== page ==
which (command)

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which
Which-command-example.png
Example usage of which command to show various commands' executable paths
Developer(s)Carlo Wood, Daniel Papasian, Trane Francks
Stable release
2.21 / March 20, 2015; 7 years ago (2015-03-20)
Operating systemUnix, Unix-like, Microsoft Windows, FreeBSD, FreeDOS, AROS Research Operating System[1]
TypeCommand
Licensecoreutils: GNU GPL v3, BusyBox: BSD, FreeDOS: GNU GPLv2, AROS: AROS Public License (APL) Version 1.1 (based on the MPL)[2]
WebsiteGNU: gnu.org/software/which/, FreeDOS:Trane's World: Reinvented, AROS: aros.sourceforge.net

In computing, which is a command for various operating systems used to identify the location of executables. The command is available in Unix and Unix-like systems, the AROS shell,[3] for FreeDOS[4] and for Microsoft Windows.[1] The functionality of the which command is similar to some implementations of the type command. POSIX specifies a command named command that also covers this functionality.[5]

Implementations[edit]

Unix, Unix-like[edit]

The command takes one or more arguments; for each of these arguments, it prints the full path of the executable to stdout that would have been executed if this argument had been entered into the shell. It does this by searching for an executable or script in the directories listed in the environment variable PATH.[6] The which command is part of most Unix-like computers. It is also part of the C Shell.[5]

A which command first appeared in 3BSD.[7]

Carlo Wood developed the GNU implementation used in most Linux-based operating systems.[8]

On FreeBSD, the which utility was originally written in Perl by Wolfram Schneider. The current version of which was rewritten by Daniel Papasian using the C programming language.[9]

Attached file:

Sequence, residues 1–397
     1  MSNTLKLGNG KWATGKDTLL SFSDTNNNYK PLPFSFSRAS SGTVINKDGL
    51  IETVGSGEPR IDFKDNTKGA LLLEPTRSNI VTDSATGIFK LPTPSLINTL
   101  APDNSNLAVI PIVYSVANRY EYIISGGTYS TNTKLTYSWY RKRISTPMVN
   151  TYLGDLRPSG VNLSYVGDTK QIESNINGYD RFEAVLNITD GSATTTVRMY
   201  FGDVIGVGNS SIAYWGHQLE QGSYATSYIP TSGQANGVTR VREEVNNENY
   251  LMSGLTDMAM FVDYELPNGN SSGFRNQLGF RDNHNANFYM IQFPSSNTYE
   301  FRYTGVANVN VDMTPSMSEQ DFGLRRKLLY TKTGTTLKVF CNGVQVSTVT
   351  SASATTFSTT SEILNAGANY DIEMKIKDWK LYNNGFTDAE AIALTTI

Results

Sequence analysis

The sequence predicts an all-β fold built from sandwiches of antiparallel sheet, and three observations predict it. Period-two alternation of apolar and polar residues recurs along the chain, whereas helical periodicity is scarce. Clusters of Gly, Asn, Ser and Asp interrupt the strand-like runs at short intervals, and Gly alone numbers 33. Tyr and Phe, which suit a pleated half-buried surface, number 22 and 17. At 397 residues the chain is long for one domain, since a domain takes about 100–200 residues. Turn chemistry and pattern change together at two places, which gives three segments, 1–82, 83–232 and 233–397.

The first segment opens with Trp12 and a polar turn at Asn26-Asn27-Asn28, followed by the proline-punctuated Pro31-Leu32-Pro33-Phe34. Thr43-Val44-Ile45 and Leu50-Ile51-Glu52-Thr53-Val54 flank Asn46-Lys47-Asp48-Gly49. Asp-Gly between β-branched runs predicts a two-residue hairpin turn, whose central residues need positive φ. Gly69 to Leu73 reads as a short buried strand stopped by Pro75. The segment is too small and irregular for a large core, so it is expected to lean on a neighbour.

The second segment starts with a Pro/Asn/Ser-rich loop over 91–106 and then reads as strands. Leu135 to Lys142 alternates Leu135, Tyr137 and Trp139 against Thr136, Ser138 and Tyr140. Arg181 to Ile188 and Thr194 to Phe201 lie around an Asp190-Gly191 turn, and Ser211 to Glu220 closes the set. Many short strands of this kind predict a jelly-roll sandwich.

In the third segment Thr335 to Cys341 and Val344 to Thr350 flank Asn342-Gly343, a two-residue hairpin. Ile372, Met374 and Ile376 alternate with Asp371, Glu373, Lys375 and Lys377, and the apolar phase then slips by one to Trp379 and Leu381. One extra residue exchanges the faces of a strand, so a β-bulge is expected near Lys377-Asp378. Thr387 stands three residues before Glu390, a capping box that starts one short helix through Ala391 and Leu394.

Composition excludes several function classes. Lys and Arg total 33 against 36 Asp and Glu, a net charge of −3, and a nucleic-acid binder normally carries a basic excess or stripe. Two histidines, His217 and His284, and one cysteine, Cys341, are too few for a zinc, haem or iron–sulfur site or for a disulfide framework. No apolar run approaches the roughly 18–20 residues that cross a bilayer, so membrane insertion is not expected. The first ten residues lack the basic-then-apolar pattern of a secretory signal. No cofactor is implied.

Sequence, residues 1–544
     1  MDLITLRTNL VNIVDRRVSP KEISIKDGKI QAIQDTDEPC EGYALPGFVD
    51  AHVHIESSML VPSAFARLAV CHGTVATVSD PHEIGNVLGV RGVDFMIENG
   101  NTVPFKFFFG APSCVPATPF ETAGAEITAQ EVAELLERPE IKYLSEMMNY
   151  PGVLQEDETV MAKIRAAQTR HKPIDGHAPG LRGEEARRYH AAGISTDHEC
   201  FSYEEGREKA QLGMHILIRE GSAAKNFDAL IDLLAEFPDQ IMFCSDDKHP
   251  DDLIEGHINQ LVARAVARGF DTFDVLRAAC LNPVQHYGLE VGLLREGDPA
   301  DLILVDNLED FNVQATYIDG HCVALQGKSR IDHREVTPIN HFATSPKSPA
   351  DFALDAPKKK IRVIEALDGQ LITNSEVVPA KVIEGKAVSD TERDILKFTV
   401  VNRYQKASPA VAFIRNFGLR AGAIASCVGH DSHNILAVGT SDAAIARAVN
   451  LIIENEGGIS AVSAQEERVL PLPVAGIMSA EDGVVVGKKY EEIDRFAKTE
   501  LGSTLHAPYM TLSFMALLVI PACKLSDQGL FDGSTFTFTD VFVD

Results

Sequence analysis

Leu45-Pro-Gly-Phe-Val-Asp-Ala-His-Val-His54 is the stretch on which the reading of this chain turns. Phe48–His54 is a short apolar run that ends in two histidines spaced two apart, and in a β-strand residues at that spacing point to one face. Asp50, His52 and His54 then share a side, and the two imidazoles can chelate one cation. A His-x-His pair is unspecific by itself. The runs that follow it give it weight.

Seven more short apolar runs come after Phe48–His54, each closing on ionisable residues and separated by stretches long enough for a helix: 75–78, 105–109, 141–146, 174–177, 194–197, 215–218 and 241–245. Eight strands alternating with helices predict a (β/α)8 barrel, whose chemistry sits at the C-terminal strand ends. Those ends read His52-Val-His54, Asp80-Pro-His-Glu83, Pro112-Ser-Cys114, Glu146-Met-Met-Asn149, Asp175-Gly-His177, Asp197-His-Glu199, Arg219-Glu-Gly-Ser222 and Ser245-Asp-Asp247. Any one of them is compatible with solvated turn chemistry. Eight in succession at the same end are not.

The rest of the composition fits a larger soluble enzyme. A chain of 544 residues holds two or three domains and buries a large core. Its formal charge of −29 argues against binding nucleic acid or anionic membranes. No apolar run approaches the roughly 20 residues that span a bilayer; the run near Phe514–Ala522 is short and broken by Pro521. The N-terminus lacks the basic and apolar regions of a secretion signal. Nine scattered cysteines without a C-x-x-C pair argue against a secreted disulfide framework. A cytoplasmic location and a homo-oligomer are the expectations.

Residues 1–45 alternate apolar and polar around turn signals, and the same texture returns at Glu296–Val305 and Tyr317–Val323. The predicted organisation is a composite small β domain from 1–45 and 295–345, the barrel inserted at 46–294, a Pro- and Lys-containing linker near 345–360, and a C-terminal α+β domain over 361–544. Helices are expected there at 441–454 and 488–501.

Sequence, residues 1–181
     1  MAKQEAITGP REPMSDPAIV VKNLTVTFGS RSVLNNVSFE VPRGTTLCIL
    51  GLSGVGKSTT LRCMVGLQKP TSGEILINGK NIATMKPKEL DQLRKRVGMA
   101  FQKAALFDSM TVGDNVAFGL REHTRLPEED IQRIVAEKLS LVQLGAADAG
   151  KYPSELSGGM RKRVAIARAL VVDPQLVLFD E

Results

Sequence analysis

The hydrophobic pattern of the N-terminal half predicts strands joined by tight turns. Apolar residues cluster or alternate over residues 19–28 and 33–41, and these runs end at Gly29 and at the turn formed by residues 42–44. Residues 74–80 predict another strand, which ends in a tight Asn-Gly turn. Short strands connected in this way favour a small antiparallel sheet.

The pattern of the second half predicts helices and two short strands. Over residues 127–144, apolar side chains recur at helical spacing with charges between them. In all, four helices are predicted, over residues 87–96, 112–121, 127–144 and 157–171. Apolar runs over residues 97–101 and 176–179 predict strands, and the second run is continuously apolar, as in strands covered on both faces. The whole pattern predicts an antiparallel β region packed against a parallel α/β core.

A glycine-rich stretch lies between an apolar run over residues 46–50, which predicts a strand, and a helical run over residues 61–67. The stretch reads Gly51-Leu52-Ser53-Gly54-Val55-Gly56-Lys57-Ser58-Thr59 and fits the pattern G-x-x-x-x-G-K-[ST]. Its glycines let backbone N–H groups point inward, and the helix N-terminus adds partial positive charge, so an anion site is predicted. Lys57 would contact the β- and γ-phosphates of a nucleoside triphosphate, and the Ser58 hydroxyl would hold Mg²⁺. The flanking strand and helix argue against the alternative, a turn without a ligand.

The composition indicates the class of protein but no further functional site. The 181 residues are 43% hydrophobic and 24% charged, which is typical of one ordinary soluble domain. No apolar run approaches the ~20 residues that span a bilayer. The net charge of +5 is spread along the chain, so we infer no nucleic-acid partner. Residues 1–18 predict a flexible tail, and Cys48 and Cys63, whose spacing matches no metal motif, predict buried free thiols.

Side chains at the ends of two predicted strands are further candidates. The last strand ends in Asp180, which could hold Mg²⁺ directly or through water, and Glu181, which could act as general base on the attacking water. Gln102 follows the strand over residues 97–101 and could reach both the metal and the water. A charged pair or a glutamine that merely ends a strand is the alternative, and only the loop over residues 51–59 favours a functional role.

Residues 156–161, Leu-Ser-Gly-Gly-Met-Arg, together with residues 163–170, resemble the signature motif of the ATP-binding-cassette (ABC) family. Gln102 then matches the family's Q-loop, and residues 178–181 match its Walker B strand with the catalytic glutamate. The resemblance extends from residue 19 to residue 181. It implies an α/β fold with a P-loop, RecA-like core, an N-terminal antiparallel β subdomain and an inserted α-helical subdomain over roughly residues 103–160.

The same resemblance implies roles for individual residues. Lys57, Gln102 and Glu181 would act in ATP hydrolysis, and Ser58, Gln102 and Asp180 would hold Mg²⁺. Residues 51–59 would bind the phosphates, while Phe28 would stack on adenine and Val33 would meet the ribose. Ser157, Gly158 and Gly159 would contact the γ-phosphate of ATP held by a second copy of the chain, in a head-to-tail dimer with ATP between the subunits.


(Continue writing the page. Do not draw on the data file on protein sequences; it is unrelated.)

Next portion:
Microsoft Windows, MS-DOS, FreeDOS[edit]

The command is available as a separate package for Microsoft Windows as part of the GnuWin32 project[1] and the UnxUtils collection of native Win32 ports of common GNU Unix-like utilities.[10] Windows also includes the similar where.exe command.

The same functionality is available in MS-DOS, but not Windows, as the built-in TRUENAME command.

In PowerShell, the functionality is provided by the Get-Command Cmdlet.[11]

The FreeDOS version was developed by Trane Francks.[12]

AmigaOS compatible[edit]

The command is used to find and print the location of a specific program.[13]

Inputs:

  • FILE – Specifies the command to search for
  • NORES – Resident programs are not included in the search
  • RES – Only resident programs are considered
  • ALL – Will find all locations of the FILE, which may cause the printing of the same location several times

References[edit]

  1. ^ a b c which for Windows from the GnuWin32 project
  2. ^ "AROS Public License version 1.1".
  3. ^ "AROS Research Operating System".
  4. ^ "FreeDOS 1.2 Updates Group - Utilities". Ibiblio.org. Retrieved 2022-09-08.
  5. ^ a b "Command", The Open group base specification, Issue 7, IEEE std 1003.1-2008
  6. ^ which man page
  7. ^ which(1) – OpenBSD General Commands Manual
  8. ^ which(1) – Linux User Commands Manual
  9. ^ which(1) – FreeBSD General Commands Manual
  10. ^ "Native Win32 ports of some GNU utilities". Unxutils.sourceforge.net. Retrieved 2022-09-08.
  11. ^ "Get-Command (Microsoft.PowerShell.Core) - PowerShell".
  12. ^ "FreeDOS 1.2 Updates Package - which (Unix-like)". Ibiblio.org. 2002-03-20. Retrieved 2022-09-08.
  13. ^ "AROS Research Operating System".

External links[edit]